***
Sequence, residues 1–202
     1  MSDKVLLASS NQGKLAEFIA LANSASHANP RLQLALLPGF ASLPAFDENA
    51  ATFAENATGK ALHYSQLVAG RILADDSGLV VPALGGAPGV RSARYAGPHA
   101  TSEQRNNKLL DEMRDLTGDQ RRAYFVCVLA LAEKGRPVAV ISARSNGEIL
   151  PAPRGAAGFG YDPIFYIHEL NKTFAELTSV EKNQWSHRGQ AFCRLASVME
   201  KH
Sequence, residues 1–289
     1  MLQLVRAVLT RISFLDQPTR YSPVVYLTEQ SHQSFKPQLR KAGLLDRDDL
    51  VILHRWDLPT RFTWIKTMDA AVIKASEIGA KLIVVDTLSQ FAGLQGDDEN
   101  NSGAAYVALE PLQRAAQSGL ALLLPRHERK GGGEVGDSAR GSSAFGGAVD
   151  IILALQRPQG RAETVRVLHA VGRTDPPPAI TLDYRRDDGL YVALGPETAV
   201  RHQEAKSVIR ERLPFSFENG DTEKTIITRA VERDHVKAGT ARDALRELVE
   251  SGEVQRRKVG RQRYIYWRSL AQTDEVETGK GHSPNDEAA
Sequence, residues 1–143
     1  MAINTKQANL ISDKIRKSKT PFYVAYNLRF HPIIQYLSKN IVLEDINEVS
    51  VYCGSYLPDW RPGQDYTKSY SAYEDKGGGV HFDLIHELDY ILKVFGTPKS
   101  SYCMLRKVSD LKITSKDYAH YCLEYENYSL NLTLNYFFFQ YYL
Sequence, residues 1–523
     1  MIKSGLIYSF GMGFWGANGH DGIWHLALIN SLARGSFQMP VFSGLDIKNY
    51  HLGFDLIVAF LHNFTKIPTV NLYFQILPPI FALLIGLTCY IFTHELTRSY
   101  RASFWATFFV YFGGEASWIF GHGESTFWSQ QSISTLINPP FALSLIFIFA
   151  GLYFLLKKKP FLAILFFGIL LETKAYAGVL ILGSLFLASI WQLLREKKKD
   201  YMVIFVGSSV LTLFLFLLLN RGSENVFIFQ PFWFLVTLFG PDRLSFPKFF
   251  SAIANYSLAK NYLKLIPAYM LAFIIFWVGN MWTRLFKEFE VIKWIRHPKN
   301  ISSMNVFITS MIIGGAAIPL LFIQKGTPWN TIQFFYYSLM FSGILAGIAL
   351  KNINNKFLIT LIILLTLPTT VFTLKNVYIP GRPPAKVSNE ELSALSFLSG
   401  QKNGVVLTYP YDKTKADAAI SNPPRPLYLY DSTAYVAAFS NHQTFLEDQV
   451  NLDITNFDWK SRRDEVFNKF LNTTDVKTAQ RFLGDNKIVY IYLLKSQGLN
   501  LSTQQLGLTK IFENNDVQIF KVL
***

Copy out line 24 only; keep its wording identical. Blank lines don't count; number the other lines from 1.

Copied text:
   251  SAIANYSLAK NYLKLIPAYM LAFIIFWVGN MWTRLFKEFE VIKWIRHPKN